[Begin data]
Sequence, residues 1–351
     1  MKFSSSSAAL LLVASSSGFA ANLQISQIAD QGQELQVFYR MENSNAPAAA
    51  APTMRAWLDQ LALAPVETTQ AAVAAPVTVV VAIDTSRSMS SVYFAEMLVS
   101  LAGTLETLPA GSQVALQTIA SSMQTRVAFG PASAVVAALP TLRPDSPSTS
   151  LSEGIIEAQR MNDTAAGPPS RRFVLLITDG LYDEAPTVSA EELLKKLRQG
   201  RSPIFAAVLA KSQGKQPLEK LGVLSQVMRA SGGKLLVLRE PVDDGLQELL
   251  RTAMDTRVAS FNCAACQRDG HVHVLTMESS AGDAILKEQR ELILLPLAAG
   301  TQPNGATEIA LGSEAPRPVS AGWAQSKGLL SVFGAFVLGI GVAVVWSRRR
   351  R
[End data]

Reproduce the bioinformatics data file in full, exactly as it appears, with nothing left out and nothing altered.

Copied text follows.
Sequence, residues 1–351
     1  MKFSSSSAAL LLVASSSGFA ANLQISQIAD QGQELQVFYR MENSNAPAAA
    51  APTMRAWLDQ LALAPVETTQ AAVAAPVTVV VAIDTSRSMS SVYFAEMLVS
   101  LAGTLETLPA GSQVALQTIA SSMQTRVAFG PASAVVAALP TLRPDSPSTS
   151  LSEGIIEAQR MNDTAAGPPS RRFVLLITDG LYDEAPTVSA EELLKKLRQG
   201  RSPIFAAVLA KSQGKQPLEK LGVLSQVMRA SGGKLLVLRE PVDDGLQELL
   251  RTAMDTRVAS FNCAACQRDG HVHVLTMESS AGDAILKEQR ELILLPLAAG
   301  TQPNGATEIA LGSEAPRPVS AGWAQSKGLL SVFGAFVLGI GVAVVWSRRR
   351  R